A Maine man caught a rare cotton candy lobster off Cape Rosier in Penobscot Bay for the second time three months ago. Four years ago, he caught one which he donated to an aquarium in Connecticut. There are very rare chances of finding cotton candy lobster which is mostly found in Maine. The lobster gained a bit of social media attention after being caught near Canada’s Grand Manan Island close to the Canada Maine border last summer. A Portland restaurant Scales, came across one during the same season. According to the reports, the cotton candy lobsters could be the result of a genetic mutation or may be related to what they are eating.
Lobsters get their usual greenish-blue shade when crustacyanin a protein they produce combines with astaxanthin, a bright red carotenoid found in their diet. If the lobsters do not eat their usual astaxanthin-rich food like crabs and shrimp, they result in a lack of pigment which could give them a pastel appearance. The lobster has a vibrant purple, blue and pinkish shell that stands out dramatically next to its brownish relatives. According to the Lobster Institute at the University of Maine, most American lobsters are dark bluish-green to greenish-brown.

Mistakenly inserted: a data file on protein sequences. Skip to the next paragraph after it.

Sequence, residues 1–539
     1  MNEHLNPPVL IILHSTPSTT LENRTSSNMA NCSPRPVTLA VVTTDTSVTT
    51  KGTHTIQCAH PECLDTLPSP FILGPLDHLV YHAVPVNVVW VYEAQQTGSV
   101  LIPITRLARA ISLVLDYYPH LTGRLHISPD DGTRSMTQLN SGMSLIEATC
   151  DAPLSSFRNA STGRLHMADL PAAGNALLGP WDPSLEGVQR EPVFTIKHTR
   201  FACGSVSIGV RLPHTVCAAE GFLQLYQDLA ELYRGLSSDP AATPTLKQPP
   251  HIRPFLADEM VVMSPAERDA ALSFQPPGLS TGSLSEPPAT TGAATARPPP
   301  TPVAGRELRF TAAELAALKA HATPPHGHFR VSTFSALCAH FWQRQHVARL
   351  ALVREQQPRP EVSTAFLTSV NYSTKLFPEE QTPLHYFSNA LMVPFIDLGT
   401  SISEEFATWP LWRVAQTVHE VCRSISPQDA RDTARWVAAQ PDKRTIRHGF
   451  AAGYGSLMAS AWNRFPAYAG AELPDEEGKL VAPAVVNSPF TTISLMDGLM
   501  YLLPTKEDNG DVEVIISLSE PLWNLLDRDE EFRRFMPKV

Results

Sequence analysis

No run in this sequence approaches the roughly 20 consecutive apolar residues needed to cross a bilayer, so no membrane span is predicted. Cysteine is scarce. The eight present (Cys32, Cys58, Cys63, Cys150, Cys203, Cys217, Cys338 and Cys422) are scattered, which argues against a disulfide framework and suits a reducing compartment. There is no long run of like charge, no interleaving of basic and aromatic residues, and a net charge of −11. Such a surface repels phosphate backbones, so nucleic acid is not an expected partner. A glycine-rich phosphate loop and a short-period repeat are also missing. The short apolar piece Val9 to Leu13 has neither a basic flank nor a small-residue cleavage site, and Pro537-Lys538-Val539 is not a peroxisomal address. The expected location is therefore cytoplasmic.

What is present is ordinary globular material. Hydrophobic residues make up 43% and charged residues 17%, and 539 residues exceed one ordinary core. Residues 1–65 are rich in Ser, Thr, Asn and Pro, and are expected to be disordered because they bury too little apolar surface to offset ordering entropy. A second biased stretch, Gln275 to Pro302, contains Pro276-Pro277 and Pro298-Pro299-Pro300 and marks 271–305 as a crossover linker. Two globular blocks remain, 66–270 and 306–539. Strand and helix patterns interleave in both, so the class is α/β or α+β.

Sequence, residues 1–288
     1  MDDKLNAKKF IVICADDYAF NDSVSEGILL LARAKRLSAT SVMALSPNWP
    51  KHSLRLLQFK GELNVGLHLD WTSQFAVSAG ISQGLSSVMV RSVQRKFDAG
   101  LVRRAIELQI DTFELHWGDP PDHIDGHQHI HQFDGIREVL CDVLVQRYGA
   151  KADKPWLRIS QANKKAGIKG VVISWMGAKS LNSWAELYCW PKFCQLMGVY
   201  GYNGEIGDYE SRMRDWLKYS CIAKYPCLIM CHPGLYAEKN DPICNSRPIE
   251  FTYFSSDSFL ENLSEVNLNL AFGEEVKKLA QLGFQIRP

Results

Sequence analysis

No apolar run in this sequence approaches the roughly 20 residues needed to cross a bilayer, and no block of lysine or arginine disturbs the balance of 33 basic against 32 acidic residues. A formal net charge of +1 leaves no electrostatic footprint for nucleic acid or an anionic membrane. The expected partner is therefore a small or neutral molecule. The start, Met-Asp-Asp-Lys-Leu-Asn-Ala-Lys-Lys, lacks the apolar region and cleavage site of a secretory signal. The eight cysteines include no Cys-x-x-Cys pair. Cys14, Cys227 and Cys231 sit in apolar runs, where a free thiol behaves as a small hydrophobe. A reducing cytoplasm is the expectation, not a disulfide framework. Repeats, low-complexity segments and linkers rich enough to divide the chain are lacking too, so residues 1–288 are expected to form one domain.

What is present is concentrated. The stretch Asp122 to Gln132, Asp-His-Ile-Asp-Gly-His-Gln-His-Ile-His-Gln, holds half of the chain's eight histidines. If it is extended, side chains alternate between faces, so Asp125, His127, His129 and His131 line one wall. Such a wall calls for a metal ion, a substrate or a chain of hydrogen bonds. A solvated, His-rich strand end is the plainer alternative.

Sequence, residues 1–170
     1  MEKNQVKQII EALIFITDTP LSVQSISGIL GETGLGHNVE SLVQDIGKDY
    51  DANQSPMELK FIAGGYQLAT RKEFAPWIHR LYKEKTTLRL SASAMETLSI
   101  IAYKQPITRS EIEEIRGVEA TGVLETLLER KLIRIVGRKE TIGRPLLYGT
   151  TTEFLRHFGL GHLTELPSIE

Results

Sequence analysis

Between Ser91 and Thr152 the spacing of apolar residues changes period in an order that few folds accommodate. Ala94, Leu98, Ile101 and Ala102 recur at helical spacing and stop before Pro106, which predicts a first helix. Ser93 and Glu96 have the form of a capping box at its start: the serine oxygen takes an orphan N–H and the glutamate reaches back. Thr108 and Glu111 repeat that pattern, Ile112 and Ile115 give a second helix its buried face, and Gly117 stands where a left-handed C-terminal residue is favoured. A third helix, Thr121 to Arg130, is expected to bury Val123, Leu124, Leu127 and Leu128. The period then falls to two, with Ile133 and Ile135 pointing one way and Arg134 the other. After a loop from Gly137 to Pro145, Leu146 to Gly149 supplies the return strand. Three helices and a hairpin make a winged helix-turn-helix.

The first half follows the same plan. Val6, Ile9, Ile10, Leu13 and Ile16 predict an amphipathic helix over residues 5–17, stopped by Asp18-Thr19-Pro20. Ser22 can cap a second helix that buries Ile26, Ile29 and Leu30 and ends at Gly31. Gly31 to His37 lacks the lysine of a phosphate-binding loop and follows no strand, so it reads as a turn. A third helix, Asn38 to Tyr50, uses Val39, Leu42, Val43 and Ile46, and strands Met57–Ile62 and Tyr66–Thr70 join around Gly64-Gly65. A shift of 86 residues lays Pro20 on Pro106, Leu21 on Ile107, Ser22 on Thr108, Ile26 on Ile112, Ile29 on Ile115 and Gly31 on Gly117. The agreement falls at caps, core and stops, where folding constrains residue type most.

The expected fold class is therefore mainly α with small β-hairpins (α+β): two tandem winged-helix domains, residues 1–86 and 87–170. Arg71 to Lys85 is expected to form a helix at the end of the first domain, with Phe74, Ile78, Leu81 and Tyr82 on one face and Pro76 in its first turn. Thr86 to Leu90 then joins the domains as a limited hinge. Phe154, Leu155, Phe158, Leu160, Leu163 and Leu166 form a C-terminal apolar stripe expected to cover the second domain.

Their occurrence is very rare and their bright colors make it harder for them to hide from predators. The rarest lobster is the albino lobster which appears 1 in 100 million lobsters. The 2 lb. lobster, known as Lucky, was caught by Canadian fisherman Robinson Russell off Grand Manan Island in New Brunswick last November. Marine biologists said that the food chain also plays a role in their rarity. Researchers said that they are very rare species and are available one in million.